While immunizations have received most of the attention, you may have heard that Pfizer is testing a tablet to treat COVID-19. It sounds almost too fantastic to be true. The results are still preliminary, but it’s a promising strategy. Pfizer pill directly targets SARS-CoV-2, the virus itself, unlike most antiviral medications we’ve attempted to treat COVID-19, which target the inflammatory and immunological response caused by infection.
The high inflammatory and immunological response that might occur with an infection causes many diseases linked with COVID-19. So far, the most effective medications have targeted this overactive immune response. When used early in the condition, the inhaled corticosteroid budesonide has been found to minimize the development of more severe disease.
The oral corticosteroid dexamethasone lowers the risk of death in persons hospitalized with COVID-19 who require oxygen. The anti-inflammatory tocilizumab taken intravenously gives a person a greater chance of survival in the most severe COVID patients admitted to the ICU. However, these medicines only address the symptoms of SARS-CoV-2 infection, not the virus itself. It has proven more challenging to attack the disease directly. To increase, a virus-like SARS-CoV-2 has to penetrate a host cell.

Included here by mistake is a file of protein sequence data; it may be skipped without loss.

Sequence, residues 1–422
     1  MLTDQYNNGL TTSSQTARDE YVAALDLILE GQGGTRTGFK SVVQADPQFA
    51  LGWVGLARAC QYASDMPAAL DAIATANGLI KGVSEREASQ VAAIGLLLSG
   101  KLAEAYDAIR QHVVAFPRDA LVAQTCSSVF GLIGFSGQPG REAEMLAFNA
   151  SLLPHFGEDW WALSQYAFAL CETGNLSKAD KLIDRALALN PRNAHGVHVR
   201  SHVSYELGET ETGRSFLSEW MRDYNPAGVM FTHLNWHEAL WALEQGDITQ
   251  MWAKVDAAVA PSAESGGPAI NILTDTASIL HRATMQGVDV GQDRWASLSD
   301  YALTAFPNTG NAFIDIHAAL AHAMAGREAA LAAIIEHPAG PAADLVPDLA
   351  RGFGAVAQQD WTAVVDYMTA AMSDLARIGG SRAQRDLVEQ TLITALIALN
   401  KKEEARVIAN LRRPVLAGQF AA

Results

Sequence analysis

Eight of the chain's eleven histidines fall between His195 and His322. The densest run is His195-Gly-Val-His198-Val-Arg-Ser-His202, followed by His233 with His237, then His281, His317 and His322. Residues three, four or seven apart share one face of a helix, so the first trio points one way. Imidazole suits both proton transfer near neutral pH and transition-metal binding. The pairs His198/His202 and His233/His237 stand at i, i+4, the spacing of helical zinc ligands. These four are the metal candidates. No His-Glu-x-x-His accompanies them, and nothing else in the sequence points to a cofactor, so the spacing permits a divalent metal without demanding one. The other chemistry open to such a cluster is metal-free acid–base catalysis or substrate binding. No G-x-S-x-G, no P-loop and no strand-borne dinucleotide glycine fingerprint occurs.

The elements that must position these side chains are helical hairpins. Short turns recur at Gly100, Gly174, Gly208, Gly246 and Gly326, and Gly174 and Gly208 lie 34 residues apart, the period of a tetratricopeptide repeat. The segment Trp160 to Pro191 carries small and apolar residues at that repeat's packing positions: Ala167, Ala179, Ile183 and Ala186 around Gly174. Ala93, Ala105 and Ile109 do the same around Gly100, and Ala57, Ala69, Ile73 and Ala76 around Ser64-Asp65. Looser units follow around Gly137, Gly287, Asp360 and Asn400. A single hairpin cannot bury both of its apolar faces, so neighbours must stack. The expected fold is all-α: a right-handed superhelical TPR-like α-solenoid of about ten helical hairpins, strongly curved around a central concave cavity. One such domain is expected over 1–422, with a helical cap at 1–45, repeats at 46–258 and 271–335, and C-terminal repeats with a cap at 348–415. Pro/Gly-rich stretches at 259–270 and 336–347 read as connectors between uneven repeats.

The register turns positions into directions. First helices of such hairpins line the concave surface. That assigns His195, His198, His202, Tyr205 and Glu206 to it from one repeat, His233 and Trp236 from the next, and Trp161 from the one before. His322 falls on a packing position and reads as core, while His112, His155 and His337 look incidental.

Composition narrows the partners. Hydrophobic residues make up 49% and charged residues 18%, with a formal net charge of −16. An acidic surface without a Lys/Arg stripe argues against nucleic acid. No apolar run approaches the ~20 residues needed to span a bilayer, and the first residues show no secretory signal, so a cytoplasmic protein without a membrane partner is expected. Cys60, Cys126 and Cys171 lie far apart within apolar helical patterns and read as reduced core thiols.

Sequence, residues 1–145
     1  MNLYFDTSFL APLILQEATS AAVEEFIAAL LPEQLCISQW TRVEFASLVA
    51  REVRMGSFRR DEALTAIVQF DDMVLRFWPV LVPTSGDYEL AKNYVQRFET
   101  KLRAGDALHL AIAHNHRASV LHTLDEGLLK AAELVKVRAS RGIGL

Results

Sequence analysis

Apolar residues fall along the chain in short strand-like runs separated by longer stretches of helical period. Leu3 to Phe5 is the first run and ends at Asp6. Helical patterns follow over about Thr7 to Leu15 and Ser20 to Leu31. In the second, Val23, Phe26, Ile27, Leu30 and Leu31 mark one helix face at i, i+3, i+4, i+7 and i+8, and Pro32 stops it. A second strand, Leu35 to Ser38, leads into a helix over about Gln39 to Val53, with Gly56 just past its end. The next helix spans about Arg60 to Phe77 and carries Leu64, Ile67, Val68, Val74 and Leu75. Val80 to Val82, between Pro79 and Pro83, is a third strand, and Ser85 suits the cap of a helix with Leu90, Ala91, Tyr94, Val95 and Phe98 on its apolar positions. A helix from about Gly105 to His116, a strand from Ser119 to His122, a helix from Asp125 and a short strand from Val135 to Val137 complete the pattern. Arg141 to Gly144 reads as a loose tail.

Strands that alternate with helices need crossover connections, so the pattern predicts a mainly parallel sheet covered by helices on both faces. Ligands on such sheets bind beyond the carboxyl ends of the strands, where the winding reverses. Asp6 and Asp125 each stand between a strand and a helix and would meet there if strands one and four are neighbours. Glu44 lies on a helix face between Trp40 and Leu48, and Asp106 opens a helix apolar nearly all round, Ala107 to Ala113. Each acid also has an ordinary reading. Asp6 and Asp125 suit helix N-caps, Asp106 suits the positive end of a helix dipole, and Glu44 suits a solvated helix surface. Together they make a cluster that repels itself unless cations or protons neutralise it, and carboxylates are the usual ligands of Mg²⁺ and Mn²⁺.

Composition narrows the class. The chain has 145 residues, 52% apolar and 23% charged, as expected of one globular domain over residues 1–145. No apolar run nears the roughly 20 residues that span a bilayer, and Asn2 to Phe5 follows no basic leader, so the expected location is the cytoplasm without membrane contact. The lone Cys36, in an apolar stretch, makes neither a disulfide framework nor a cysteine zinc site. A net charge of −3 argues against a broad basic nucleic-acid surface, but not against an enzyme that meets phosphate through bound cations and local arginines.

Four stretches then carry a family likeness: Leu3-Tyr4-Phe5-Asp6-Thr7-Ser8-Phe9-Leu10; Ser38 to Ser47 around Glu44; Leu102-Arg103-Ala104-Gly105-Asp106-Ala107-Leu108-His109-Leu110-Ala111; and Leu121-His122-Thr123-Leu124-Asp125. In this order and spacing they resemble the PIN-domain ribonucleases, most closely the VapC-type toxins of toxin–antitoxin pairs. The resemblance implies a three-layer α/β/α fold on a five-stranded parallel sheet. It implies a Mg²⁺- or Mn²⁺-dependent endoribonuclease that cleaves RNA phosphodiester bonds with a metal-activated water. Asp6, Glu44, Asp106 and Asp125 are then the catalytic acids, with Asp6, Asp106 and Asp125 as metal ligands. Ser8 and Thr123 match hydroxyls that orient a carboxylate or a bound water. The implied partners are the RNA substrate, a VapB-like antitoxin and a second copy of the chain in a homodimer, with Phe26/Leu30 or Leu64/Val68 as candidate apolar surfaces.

It does this by attaching to the cell with its spike protein (a protein on the virus’s surface) and then exploiting its proteins to gain access. SARS-CoV-2 sheds its outer shell and releases its viral RNA once inside the cell (ribonucleic acid, a type of genetic material). This serves as a template for the virus, allowing it to multiply and infect new cells. The virus could be sensitive to intervention at any time during its life cycle.